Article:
Court allows Chicago-area families to defend student privacy

ADF, Thomas More attorneys represent Palatine students, parents
Thursday, January 18, 2018

 
CHICAGO – A state court on Wednesday granted the request of an association of concerned students and parents to intervene in a lawsuit filed by the American Civil Liberties Union that threatens the privacy of thousands of Illinois students. The association, Students and Parents for Privacy, filed a lawsuit in 2016 to protect student privacy at Palatine’s Township High School District 211, which is now the target of the ACLU’s suit.

The families wish to prevent the ACLU from misusing non-discrimination provisions within the Illinois Human Rights Act to dismantle student privacy at the district. Alliance Defending Freedom and Thomas More Society attorneys represent the students and parents.

“Schools must protect the privacy needs of every child, and now these parents and students will have a chance to ensure that the ACLU doesn’t undermine that duty,” said ADF Legal Counsel Jeana Hallock. “The Illinois Human Rights Act specifically allows facilities like locker rooms to be reserved for girls only. Asserting a female gender identity doesn’t change the fact that schools should never be forced to give male students unrestricted access to areas where young women are changing.”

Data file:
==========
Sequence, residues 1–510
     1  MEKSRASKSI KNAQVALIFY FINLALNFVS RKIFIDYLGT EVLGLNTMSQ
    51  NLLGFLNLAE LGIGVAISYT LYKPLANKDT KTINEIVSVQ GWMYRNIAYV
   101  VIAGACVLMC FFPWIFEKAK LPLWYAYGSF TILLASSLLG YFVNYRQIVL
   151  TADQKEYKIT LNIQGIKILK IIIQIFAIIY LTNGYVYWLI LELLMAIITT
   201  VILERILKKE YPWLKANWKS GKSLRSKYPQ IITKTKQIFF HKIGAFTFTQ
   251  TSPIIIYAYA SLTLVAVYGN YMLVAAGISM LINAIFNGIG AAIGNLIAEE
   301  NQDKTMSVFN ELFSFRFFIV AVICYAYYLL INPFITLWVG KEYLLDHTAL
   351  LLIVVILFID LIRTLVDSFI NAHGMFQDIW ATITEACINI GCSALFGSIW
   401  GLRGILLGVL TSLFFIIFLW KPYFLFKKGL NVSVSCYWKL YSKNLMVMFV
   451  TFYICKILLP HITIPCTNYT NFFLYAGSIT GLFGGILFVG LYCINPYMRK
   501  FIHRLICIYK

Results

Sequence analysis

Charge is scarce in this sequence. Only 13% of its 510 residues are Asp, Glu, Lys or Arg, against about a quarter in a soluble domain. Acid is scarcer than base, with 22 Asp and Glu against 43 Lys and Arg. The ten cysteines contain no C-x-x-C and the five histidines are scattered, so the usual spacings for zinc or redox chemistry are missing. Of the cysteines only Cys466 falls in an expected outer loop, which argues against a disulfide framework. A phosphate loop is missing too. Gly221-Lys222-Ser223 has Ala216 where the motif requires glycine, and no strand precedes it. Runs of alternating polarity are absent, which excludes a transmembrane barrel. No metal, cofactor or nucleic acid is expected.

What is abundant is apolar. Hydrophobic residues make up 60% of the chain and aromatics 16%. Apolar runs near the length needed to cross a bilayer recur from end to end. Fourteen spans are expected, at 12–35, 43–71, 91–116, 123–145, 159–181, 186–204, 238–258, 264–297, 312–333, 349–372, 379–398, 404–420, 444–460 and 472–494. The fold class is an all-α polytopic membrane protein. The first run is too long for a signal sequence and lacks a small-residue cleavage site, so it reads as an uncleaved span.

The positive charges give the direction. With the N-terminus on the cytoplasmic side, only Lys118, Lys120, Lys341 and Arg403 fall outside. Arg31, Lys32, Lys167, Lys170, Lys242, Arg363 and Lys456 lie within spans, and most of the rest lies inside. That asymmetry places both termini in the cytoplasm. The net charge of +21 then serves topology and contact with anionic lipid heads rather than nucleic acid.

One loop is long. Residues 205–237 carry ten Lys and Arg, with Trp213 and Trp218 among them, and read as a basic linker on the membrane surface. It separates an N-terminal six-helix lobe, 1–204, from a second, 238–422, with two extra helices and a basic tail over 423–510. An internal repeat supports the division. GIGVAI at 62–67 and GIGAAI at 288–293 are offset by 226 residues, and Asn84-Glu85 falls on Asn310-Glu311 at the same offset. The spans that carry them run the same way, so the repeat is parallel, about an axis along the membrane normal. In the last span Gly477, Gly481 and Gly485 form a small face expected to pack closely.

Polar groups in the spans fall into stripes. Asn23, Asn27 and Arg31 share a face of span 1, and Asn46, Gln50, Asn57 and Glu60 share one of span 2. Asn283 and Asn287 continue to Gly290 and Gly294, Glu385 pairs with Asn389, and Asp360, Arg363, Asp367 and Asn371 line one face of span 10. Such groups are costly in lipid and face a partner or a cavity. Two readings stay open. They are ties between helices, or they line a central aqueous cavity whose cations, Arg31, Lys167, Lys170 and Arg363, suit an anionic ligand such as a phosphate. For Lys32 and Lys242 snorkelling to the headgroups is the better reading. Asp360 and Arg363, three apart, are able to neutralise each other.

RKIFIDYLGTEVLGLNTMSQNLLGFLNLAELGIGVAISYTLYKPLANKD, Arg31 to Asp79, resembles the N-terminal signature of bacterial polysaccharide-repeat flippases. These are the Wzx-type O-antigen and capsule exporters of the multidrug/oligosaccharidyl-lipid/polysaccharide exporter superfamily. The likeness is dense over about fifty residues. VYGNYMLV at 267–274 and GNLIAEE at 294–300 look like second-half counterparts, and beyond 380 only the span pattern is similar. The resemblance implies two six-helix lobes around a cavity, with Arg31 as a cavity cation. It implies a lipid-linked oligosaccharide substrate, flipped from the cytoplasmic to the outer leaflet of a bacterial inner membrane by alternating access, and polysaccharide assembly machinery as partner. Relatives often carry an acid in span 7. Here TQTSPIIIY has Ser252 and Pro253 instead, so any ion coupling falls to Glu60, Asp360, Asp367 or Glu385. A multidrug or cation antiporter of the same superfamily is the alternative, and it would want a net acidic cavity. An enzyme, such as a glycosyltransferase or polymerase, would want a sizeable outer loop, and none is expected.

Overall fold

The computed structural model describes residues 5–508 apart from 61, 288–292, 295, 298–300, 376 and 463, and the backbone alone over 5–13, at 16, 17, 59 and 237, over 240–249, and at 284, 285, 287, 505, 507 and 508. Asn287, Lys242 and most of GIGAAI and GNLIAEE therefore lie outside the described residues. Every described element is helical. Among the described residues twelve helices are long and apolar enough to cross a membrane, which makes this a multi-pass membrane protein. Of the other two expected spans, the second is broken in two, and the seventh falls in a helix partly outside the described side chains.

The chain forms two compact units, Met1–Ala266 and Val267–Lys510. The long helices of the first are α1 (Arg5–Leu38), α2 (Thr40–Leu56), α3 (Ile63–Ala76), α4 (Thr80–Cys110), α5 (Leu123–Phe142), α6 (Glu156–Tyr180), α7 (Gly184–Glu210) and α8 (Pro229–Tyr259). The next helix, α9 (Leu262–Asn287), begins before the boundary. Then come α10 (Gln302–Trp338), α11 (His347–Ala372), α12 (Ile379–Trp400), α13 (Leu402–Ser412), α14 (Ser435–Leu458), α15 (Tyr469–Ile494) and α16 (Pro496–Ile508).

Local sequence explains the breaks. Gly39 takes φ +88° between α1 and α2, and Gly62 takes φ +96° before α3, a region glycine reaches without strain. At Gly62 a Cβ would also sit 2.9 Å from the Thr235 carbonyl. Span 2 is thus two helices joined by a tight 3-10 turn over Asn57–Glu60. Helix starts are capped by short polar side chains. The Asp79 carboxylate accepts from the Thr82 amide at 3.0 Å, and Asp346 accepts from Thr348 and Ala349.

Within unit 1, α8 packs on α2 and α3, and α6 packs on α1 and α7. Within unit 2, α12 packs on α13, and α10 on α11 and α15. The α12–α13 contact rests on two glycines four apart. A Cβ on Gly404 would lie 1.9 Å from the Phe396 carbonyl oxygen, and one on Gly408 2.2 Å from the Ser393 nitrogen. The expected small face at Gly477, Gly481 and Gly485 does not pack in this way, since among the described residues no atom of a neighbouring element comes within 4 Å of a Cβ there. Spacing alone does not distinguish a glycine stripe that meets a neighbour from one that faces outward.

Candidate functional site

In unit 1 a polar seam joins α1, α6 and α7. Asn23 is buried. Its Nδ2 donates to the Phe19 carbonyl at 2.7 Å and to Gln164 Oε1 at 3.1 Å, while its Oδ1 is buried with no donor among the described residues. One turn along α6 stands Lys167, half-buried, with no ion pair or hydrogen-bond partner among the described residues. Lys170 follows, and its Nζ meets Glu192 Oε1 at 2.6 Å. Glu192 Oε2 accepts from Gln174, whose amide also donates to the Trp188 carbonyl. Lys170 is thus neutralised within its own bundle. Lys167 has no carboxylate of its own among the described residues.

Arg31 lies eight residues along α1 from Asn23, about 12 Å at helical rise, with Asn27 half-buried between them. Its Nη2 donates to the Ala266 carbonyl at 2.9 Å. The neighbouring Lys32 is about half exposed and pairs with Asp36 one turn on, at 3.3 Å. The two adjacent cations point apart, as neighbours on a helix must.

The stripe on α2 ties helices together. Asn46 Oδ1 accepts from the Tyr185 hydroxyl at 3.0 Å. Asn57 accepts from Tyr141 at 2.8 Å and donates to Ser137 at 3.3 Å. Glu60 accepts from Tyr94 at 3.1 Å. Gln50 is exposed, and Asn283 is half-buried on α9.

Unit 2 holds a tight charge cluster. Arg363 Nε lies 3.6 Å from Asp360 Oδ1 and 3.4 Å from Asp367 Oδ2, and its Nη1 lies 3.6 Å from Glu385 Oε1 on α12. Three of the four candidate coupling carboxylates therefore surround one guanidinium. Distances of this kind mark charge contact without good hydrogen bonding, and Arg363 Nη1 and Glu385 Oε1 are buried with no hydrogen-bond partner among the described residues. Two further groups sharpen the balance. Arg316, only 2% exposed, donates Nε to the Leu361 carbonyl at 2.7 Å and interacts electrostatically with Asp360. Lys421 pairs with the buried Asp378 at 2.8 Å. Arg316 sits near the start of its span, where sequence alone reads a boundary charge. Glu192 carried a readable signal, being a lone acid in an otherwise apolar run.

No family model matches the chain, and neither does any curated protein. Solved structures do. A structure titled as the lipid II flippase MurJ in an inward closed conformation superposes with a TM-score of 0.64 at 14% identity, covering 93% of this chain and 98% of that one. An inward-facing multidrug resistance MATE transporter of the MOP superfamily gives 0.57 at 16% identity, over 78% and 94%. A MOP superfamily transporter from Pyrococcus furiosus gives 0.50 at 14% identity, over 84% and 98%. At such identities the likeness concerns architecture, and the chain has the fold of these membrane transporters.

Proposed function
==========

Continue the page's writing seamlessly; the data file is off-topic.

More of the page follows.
“We are pleased that we will be able to represent these families, who don’t want the ACLU to get away with manipulating the language of the law in order to undermine student privacy,” added Thomas More Society Chief Counsel Thomas Brejcha, lead counsel in the case together with Thomas More Co-Executive Director Thomas Olp. ADF attorneys are co-counsel.

As the motion to intervene filed last week in Maday v. Township High School District 211 explained, granting what the ACLU is requesting would invalidate the Illinois Human Rights Act’s privacy-facility provision, “which exempts from the IHRA ‘any facility…which is distinctly private in nature such as restrooms, shower rooms, bath houses, health clubs and other similar facilities for which the Department [of Human Rights], in its rules and regulations, may grant exemptions based on bona fide considerations of public policy.’ Protecting the bodily privacy of students who are under the supervision and control of District officials is a bona fide public policy interest, and further is a duty for District officials who are responsible for the students while at school.”
 
  • Pronunciation guide: Brejcha (BREH’-kuh)

Alliance Defending Freedom is an alliance-building, non-profit legal organization that advocates for the right of people to freely live out their faith.
 
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